Parchment BarriersDavid Siemers, James Madison’s Presidency: Foreign Affairs.” (A Companion to James Madison and James Monroe, Wiley-Blackwell, 2012)

David Siemers, Theories about Theory: A Typology of Theory Based Claims from the Case of James Madison.” (Presidential Studies Quarterly 38.1, March 2008)

James Stoner, A Madisonian Compromise: Term Limits for the House, But Not for the Senate.” (Policy Review, Winter 1995)

George Thomas, Madison and the Perils of Populism.” (National Affairs 29, Fall 2016)

George Thomas, The Madisonian Constitution. (Johns Hopkins University Press, 2008)

George Thomas, The Madisonian Constitution, Political Dysfunction, and Political Polarization.” (Parchment Barriers: Political Polarization and the Limits of Constitutional Order, University Press of Kansas, 2018)

George Thomas, Recovering the Political Constitution: The Madisonian Vision.” (The Review of Politics 66.2, Spring 2004)

Madison's Metronome, Gregory WeinerGregory Weiner, James Madison and the Legitimacy of Majority Factions.” (American Political Thought 2.2, Fall 2013)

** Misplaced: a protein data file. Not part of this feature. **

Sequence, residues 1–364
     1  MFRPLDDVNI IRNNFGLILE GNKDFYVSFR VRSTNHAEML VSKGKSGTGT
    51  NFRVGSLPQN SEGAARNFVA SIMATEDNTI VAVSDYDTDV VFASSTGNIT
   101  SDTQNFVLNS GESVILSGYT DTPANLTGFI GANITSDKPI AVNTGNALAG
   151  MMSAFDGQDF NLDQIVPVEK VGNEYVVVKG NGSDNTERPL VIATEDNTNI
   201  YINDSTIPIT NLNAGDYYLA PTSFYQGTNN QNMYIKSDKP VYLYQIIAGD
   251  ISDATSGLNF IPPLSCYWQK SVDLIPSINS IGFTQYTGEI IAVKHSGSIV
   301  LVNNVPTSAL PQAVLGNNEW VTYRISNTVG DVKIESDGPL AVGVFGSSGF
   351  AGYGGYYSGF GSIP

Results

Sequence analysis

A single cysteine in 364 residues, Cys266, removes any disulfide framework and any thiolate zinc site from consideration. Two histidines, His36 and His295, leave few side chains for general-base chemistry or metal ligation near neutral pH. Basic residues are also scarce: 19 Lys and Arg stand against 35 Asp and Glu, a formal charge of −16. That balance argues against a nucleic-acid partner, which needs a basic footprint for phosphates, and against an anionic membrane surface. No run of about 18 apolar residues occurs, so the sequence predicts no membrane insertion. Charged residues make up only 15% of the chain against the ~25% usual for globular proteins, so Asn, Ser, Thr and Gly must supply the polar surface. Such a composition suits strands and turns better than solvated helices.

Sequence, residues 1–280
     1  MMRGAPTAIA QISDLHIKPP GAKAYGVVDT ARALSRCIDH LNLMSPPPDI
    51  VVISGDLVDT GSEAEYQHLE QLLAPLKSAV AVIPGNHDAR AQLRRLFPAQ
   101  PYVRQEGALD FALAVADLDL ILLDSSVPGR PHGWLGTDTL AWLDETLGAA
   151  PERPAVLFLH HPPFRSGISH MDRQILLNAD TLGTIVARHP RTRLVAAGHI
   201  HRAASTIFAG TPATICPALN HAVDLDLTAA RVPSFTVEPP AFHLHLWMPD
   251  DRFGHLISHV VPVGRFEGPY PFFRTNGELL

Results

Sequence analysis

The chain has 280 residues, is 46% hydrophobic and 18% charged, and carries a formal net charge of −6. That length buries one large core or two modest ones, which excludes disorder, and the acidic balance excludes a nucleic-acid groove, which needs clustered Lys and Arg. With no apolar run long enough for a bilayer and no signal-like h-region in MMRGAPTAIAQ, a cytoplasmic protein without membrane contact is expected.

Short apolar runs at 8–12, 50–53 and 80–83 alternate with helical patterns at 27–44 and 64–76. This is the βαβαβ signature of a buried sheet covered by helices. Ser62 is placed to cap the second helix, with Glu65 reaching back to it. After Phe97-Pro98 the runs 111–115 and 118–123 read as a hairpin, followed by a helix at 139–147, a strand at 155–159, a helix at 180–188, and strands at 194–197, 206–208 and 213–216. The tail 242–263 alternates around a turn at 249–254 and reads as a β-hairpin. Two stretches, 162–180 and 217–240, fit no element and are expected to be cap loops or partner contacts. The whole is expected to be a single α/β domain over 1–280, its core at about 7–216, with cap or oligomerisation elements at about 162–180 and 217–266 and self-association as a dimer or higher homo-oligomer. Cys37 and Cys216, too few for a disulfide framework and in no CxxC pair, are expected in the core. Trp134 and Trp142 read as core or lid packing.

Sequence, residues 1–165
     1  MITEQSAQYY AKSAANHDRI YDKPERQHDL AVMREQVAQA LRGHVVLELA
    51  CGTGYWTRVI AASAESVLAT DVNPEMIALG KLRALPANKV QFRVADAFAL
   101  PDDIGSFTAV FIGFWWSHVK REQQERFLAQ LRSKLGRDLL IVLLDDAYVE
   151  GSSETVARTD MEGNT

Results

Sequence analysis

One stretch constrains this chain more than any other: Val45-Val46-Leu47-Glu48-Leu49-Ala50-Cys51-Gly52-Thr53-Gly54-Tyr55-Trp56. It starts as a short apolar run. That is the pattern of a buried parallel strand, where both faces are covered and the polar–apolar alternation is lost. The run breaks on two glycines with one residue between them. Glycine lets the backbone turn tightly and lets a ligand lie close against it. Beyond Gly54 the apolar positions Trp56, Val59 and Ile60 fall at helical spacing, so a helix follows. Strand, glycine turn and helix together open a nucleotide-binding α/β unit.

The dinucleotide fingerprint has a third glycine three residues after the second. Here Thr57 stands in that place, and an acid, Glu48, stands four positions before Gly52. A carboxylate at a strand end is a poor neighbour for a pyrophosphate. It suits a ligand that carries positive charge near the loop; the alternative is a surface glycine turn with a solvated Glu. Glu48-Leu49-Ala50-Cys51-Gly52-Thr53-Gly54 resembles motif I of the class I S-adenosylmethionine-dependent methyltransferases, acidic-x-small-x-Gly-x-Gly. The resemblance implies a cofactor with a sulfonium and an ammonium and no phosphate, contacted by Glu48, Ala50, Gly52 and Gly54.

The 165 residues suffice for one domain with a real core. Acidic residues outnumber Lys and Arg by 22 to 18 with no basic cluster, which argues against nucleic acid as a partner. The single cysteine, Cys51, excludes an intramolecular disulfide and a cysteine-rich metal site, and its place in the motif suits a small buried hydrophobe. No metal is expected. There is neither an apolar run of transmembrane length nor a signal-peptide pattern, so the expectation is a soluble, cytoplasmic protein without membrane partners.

Gregory Weiner, Madison’s Metronome: The Constitution, Majority Rule and the Tempo of American Politics. (University Press of Kansas, 2012)

Gregory Weiner, Majorities and Madisonian Paradoxes.” (Extensions: Journal of the Carl Albert Congressional Research and Studies Center, Summer 2014)

Gregory Weiner, Our Constitutional Emergency.” (New York Times, March 26, 2019)

Gregory Weiner, “‘The Ultimate Justice of the People’ Madison, Public Opinion and the Internet Age.” (A Madisonian Constitution for All, National Constitution Center)